How can changes in lifestyle and diet decrease your risks of cancer? - Not smoking - Using sunscreen
-Benign tumours are harmful/harmless -Malignant tumours are harmful/harmless Benign=harmless Malignant=harmful
How do pathogens harm the body? They ac produce toxins and damage the body's cells
What are the two ways in which a white blood cell can destroy a pathogen? Engulf them or produce antibodies
What do the antibodies do? They lock onto the antigens of the foreign pathogen, killing it
What is the difference between active and passive immunity? Active immunity is where your body produces antibodies to destroy the pathogens. It then produces memory cells so the antibodies for that pathogen won't be forgotten. Passive immunity is where you are vaccinated against the virus.
What is the difference between active and passive immunity? Active immunity is where your body produces antibodies to destroy the pathogens. It then produces memory cells so the antibodies for that pathogen won't be forgotten. Passive immunity is where you are injected with antibodies against the virus.
How does vaccination work? - Inject dead or weakened pathogen - The white blood cells work to produce antibodies against that virus - Memory cells are created, meaning long-lasting immunity
Why is immunisation worth the risk? Stops disease spreading and prevents the effects of pathgen
How do antibiotics such as penicillin work? How does this explain why they can kill bacteria and fungi but not a virus? It diffuses out, destroying the pathogens cell wall. A virus doesn't have a cell wall, it has a coat of protein.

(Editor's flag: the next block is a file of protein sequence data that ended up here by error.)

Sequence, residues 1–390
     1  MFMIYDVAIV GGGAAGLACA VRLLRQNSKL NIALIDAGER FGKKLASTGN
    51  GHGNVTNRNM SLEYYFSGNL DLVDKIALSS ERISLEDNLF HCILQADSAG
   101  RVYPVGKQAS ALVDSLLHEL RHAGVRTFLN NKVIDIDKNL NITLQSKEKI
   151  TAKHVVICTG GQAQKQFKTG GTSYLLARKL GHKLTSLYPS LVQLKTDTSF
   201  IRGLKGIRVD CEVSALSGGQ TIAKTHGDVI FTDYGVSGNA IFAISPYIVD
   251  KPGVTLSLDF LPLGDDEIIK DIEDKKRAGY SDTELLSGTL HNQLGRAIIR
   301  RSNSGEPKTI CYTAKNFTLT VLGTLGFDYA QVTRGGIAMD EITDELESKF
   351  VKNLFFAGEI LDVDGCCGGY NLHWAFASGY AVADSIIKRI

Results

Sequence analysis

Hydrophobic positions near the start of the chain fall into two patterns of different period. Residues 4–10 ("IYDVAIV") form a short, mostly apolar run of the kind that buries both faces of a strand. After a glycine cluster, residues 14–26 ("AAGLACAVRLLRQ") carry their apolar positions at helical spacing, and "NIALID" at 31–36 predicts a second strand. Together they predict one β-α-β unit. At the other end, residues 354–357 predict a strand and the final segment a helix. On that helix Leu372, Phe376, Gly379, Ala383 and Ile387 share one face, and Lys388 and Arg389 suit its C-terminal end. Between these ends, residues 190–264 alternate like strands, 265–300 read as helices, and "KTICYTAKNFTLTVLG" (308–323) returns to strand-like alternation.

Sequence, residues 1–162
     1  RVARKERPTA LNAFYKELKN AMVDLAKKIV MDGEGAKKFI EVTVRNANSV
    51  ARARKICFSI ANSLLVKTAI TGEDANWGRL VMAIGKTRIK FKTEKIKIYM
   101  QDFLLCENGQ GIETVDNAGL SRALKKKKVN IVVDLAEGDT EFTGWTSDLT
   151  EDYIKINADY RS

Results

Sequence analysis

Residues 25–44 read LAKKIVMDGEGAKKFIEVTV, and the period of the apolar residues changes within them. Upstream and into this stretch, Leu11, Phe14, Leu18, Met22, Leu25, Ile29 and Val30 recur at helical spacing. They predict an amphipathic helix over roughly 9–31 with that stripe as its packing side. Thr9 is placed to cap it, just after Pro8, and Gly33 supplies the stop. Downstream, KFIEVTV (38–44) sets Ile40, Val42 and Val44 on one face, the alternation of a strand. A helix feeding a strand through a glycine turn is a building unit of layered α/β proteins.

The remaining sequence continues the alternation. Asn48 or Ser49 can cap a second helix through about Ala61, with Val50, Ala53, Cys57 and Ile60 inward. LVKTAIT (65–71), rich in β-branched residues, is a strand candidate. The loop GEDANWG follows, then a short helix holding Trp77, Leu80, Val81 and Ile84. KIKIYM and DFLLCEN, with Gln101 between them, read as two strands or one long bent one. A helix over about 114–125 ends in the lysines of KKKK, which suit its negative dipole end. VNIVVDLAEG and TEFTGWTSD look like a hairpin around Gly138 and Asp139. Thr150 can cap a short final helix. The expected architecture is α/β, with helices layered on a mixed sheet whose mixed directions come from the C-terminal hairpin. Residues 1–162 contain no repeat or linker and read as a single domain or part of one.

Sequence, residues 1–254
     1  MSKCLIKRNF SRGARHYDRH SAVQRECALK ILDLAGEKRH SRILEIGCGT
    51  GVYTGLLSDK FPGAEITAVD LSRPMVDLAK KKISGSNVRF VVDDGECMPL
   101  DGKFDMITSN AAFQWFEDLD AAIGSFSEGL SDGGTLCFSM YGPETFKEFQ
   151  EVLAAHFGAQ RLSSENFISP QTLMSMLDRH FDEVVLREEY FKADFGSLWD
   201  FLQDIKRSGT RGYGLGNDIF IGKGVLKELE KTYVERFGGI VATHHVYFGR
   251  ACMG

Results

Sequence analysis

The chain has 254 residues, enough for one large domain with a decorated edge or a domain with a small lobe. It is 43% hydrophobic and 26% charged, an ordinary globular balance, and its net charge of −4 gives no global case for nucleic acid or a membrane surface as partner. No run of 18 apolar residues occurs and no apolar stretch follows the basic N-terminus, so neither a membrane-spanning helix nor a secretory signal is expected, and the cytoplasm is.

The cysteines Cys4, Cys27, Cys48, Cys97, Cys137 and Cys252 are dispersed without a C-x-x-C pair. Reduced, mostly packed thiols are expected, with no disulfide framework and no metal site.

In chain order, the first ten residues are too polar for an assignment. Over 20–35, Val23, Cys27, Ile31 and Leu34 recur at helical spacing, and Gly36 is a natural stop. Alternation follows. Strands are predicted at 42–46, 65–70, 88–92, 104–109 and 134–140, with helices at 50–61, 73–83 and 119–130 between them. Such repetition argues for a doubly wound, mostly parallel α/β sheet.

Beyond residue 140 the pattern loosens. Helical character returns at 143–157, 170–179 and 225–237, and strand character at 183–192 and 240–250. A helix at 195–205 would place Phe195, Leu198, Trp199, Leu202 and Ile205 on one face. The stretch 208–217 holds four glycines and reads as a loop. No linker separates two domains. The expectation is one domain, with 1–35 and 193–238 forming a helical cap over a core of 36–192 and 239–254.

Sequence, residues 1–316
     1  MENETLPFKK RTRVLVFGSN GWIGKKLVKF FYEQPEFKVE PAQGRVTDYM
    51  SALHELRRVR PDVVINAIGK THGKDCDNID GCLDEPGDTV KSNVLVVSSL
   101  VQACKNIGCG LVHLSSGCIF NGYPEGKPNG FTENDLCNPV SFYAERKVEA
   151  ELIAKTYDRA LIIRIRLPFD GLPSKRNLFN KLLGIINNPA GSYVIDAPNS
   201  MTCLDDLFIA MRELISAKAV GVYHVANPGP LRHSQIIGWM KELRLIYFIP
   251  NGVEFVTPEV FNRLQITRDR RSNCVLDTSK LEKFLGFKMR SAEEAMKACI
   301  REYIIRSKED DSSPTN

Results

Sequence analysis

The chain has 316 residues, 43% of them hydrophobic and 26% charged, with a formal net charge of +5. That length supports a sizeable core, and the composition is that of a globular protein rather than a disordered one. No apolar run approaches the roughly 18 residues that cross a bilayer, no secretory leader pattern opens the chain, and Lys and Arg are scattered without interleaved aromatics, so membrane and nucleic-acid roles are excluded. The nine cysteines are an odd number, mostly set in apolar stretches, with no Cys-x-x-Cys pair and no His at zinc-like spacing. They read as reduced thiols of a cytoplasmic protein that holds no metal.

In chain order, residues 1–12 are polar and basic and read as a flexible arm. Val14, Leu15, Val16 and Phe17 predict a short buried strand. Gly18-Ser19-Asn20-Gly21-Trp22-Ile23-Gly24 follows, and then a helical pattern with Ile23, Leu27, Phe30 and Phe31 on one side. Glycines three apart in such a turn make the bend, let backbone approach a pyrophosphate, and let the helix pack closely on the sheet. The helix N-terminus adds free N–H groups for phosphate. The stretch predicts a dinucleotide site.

How are vaccinations tested? On animals, human tissue and computer models, then human trials.
What is a placebo? A harmless pill
What's a blind trial? Patient doesn't know if they're receiving a drug or a placebo.
What's a double blind trial? Patient and doctor doesn't know if they're receiving a drug or a placebo.
Why do they recommend not to over use antibiotics? Because resistant strains of bacteria are emerging such as MRSA which has thrived causing serious illness.
What does the cornea do? Refracts light into your eye
What does the lens do? Focuses light onto the retina
What does the retina do? Contains light receptors, this is where the image is formed
What does the iris do? Controls the amount of light that enters the eye
What does the optic nerve do? Carries the nerve impulses to the brain
What is an advantage and disadvantage of monocular vision? What animal as this? + Good field of view - Bad at judging distance Rabbit (so it can see its predator coming)
What is an advantage and disadvantage of binocular vision? What organism as this? + Good at judging distance - Bad field of view Human (predator)
What do your ciliary muscles, suspensory ligaments and lens do when your focusing on a close object? Ciliary muscles - contract Suspensory ligaments - slacken Lens - squished into fat shape
What do your ciliary muscles, suspensory ligaments and lens do when your focusing on a distant object? CM-relax SL-tighten Lens- stretched into thin shape
What is red-green colour blindness caused by? Lack of special cells in retina